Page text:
They may well resurrect the charges lodged against Gates in 1987 and in 1991. They may ask him again whether he lied to Congress about the extent of his involvement in or knowledge of Iran-Contra. They may want to know whether the CIA, under his watch, altered national intelligence estimates on Soviet capabilities to make the threat seem worse than warranted. Their questioning might probe his involvement in providing military equipment and intelligence to Saddam Hussein during the 1980-1988 Iraq-Iran War, all of which helped Saddam in his battles against U.S. forces in 1991 in Operation Desert Storm. More broadly, Gates may be held to account once again for the CIA’s failure to predict the demise of the Soviet Union, the lack of monitoring of Saddam’s progress toward developing a nuclear weapon in the 1980s, and the “politicizing” of intelligence to support presidential biases.

Anything but Rummy

Whether the U.S. Senate, in the upcoming lame-duck session controlled by the Republicans, will try to push through abbreviated hearings and confirm Gates as soon as possible or leave that task for the new Senate remains unclear. Regardless, even though he’s been out of government service for a dozen years except to serve on special commissions such as the current Baker-Hamilton Iraq Study Group, Gates will most likely be confirmed ­ if for no other reason than the Democrats are eager to have anyone other than Donald Rumsfeld as secretary of defense.

The real test will be whether the change at the Pentagon and the change in Congress will produce any significant alteration in U.S. strategy in Iraq and Afghanistan. At the very least, the U.S. public has expressed its dissatisfaction with the war choices of the administration and Congress. Needed now is planning for the withdrawal of U.S. forces from Iraq. And the United States must begin to prepare itself psychologically for the day that Iraqis actually assume the full burden of devising a political solution that will be fair and workable for all Iraqi citizens.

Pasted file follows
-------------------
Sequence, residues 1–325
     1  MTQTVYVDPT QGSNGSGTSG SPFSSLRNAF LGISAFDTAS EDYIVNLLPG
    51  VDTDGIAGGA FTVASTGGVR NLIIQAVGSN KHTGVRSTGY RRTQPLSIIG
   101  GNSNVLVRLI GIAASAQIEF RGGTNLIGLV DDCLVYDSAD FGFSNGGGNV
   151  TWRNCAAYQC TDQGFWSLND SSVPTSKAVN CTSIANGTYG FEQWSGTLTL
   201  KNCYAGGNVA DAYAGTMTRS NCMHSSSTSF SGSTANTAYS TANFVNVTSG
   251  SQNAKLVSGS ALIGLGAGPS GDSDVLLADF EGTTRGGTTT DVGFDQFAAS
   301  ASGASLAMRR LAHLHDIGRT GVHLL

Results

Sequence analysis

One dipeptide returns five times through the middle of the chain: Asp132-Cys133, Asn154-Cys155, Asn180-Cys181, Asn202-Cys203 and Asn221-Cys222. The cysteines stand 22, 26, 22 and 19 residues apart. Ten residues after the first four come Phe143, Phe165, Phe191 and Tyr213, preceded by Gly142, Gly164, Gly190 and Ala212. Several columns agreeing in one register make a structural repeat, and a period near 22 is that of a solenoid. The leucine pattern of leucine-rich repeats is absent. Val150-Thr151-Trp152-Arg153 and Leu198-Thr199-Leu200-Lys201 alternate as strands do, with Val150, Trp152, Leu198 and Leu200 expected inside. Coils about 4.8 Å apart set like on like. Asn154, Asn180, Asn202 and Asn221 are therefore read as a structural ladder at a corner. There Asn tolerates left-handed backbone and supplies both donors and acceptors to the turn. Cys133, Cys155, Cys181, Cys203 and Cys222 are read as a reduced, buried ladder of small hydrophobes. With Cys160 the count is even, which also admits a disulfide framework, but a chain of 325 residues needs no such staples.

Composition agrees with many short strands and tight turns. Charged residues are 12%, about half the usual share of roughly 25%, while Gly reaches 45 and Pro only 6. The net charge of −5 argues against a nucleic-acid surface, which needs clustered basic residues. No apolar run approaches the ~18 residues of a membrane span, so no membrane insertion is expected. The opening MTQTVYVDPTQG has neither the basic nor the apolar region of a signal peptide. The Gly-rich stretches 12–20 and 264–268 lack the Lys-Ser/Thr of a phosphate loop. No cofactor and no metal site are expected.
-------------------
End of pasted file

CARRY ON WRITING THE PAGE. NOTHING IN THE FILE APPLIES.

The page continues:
On this point, the public will quickly glimpse just how Gates will fit in with other administration players. There may be White House pressure to implement the recommendations of the Iraq Study Group-due out December 7-no questions asked. Gates will have to take a principled stand, if warranted, or be seen as “politicizing” the war.

Mr. Gates, should he be confirmed, has his work cut out for him-as does the new Congress. And neither has time to waste.

Col. Dan Smith is a military affairs analyst for Foreign Policy In Focus, a retired U.S. Army colonel, and a senior fellow on military affairs at the Friends Committee on National Legislation. Email at dan@fcnl.org

 

 

More articles by:
June 21, 2018
Ron Jacobs
Divest From the Business of Incarceration
W. T. Whitney
Angola in Louisiana: Proving Ground for Racialized Capitalism
Susan Babbitt
Assange and Truth: the Deeper (Harder) Issue
Kenn Orphan
Humanity vs. the Rule of Law
Mateo Pimentel
Why on Earth a Country of Laws and Borders?